Nothing makes me feel more terrible than getting a shipping quote request from out side of the U.S. Quoting $40 as the cheapest way to ship a pair of sandals makes me feel shameful, but like you, I don't charge any handling fees. I also don't charge outrageous prices, if I buy a pair of vintage shoes for $4 and sell them for $20 I'm pleased for the day, so I can't offer free shipping either and I refuse to rape people on the prices to make up for free shipping. I used to insure everything until I had something arrive damaged, and when I called the post office I was told that the insurance didn't cover packages lost, stolen or damaged during shipping; which seemed crazy to me because that is EXACTLY why I bought it! If someone wants the insurance they can pay the extra for it because I charge actual shipping charges, if my quote is more than a dollar over actual shipping fees, I refund the amount of overage.

All of my shipping supplies were close to free if not free; my tissue a friend gave me, she bought a box lot from a florist shop closing auction and had no used for 800 pieces of tissue my boxes were 100 for $3.00 at an estate sale and my tyvek envelopes (for patterns and small items) were $1.00 for $50 at an estate sale. At the rate I sell things this will last me for a few years, lol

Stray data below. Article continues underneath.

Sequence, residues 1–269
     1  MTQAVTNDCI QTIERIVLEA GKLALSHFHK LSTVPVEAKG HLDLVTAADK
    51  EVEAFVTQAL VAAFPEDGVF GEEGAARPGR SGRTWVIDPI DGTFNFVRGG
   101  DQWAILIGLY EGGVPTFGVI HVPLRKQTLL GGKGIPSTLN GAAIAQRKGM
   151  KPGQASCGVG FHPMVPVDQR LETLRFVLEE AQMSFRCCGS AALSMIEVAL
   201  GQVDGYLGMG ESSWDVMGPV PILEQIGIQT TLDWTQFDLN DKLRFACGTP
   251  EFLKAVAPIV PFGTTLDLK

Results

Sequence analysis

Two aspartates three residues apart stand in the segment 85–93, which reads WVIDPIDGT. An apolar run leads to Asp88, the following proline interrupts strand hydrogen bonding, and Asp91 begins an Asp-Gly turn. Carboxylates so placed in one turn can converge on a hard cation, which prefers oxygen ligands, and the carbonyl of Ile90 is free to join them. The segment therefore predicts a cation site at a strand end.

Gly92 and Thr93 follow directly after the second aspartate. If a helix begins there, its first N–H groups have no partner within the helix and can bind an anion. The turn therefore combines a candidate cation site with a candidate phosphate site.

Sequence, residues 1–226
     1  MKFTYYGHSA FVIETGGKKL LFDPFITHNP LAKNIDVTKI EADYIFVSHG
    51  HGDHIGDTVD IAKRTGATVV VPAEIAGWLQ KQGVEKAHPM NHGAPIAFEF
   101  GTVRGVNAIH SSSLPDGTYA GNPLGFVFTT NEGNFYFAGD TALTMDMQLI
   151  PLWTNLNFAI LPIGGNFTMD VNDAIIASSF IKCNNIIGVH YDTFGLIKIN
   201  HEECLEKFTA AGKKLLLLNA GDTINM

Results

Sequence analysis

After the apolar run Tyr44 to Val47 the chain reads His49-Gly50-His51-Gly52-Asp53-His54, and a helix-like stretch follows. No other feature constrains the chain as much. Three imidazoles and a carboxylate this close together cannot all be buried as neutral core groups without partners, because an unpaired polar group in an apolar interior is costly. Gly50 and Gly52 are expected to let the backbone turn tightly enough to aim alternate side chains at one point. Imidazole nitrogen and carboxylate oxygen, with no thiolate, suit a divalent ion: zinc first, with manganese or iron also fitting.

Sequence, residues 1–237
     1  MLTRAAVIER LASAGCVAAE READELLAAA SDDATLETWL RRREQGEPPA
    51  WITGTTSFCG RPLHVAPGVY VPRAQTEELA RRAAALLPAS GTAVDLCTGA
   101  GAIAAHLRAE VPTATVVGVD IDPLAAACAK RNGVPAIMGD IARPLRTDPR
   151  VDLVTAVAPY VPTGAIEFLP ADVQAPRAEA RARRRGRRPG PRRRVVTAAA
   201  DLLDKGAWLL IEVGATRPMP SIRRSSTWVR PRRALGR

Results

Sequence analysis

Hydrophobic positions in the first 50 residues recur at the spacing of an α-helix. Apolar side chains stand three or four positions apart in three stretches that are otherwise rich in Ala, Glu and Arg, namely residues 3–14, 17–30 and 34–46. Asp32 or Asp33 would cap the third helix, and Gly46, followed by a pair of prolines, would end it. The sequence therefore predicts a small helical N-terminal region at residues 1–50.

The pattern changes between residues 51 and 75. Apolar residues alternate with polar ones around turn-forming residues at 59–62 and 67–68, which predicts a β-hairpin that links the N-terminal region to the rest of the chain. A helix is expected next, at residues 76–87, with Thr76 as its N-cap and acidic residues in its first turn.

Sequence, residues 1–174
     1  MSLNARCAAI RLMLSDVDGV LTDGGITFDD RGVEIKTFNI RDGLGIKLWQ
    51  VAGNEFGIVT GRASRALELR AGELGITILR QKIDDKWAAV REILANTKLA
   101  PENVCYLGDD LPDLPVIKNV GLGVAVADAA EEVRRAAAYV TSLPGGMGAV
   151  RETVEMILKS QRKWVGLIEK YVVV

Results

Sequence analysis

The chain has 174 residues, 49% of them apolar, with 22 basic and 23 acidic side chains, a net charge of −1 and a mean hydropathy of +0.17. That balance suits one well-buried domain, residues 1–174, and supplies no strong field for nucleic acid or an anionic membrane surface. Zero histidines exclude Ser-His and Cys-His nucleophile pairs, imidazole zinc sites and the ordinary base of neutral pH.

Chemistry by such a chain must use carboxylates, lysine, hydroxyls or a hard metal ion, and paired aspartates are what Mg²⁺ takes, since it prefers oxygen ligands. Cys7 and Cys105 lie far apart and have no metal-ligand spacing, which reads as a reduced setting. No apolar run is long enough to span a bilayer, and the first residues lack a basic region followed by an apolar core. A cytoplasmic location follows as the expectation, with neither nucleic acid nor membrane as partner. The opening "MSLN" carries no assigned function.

Mayrozez said...

I was just telling a friend how much I appreciate the way you ship your items.

First, because you use Priority Mail, they arrive sooner than with standard UPS and I'm usually pretty eager to get that exciting package. Next, the box, the box! I am so tired of returning items that were destroyed in transit because they were shipped in an envelope.

And then there is always the little "treat" of opening it and seeing how beautifully and carefully it is wrapped. I am always amazed by how well the items travel. I just received a silk chiffon dress from you this week, and when I lifted it out of its wrapping, it just fell beautifully in place. I could have worn it right then without steaming it at all. And everything I have received from you has been that way.

Yes, I love free shipping, but I do know what it actually costs to ship something well, and when it comes to vintage, I am willing to pay that price.

Nicole said...

I work in online marketing and for an e-commerce company. You are totally right, people increase prices and then say "free shipping!" because most companies have found that people do not complete orders once they see the cost of shipping. There is a lot of Internet shopping psychology going on and most companies are finding it is easier to increase costs and offer free shipping b/c users like to feel like they are getting something for free and they like that the price they see is the final price.

It is really impossible to do in a lot of business - like where weight varies greatly. So, it is really annoying when people complain about shipping, as they are paying for it one way or another.

Annie Hollywood said...

Oh absolutely. I'm not a business owner but I got a feel for this conundrum ebaying a bunch of things prior to a cross-country move. It was nerve wracking making sure items arrived properly! I do think building part of the shipping cost into the price is a good sales strategy.